I don't think you can infer that from David's comments, Shaun, but what should be clear from the review is that we're not talking here about a particularly bright projector by today's standards with 1,500 rated max lumens at rated brightness. If you watch in a dark room at a 90 or 100-inch diagonal image size it'll likely have enough punch for 3D; if you go much larger on the size or introduce any ambient light, maybe not.
Hassaan Posted Sep 17, 2019 8:47 AM PST
Hello! Are those lumen readings based on off the screen measurements or off the lens? In the review, Chris Eberle reported brightness readings that worked out to a "Bright Mode" lumen rating of 1103 lumens and when I asked about why he thought it was so low he mentioned that these were readings taken off the screen instead of off the lamp.

Since your Bright Mode reading is significantly higher, I was just confused as to which lumen reading to plug into online calculators to figure out how many nits I was gonna get with my screen size and gain.
Rob Sabin, Editor Posted Sep 17, 2019 9:42 AM PST
Hassaan, we do an industry-standard ANSI lumen measurement taken into the lens from screen distance, with readings from 9 different points across an imaginary tic-tac-toe grid and averaging these to then calculate the lumens based on the light reading and the image size. This is how the best manufacturers establish their lumen specification, and it takes the screen material out of the equation. How much light you or anyone else will get is dependent on how large an image you try to project, the reflectivity of the screen material, and the amount of ambient light.

You can read more about how we do lumen measurements in this article.
Hassaan Posted Sep 17, 2019 1:04 PM PST

Thank you for your detailed reply! My apologies I think I asked the same question on the comparison article between the 3550 and 4010. Please feel free to ignore that one.

My follow up question would then be: Can I go to an online calculator, such as and plug in the lumen values you have provided here, along with screen dimensions and gain to get an accurate estimate of the reflected image brightness? Or do I need to factor in an percentage of light that gets "absorbed" by the screen surface? Surely a 1.0 gain doesn't reflect 100% of the light that is incident on it - only a mirror would.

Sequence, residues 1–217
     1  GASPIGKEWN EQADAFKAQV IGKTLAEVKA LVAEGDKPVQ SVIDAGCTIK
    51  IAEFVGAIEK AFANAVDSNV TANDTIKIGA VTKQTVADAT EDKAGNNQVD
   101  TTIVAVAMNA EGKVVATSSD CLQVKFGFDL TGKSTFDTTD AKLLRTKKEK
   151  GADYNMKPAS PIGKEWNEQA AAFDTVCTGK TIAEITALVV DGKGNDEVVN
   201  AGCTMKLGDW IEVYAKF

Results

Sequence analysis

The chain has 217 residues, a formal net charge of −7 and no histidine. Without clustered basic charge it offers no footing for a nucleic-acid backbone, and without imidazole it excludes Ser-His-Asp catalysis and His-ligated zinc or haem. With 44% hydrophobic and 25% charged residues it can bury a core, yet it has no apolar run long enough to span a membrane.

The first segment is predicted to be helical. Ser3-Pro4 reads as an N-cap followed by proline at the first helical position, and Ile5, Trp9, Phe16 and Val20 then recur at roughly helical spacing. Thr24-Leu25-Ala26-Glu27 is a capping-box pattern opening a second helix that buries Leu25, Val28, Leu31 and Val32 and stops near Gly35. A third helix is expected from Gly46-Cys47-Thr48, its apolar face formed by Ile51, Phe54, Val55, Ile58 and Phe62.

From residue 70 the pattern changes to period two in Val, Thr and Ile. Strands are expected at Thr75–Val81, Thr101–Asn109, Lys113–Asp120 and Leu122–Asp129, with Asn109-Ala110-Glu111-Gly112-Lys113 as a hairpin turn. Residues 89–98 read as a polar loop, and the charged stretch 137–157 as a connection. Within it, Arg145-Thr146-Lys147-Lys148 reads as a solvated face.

Rob Sabin, Editor Posted Sep 17, 2019 1:09 PM PST
No worries, I already replied to that comment on the 3550/4010 comparison earlier as well and referenced our article on this subject.

Regarding screen gain: we do regard a 1.0 gain screen in the calculator as providing perfect reflectivity as is standard for such calculations. In any event, our calculator does not allow you to insert the number of specific lumens you want to use for purpose of the brightness estimate adjusted for screen size and gain. It's either based on the full rated output of the projector, or sometimes the full measured lumen output if we've reviewed the projector. We're working on a version that will allow you to select the calibrated brightness for projectors we've reviewed, or some percentage of full output for those we haven't reviewed, on the assumption that the actual lumen output of the mode used for home theater is much lower than the full rated output.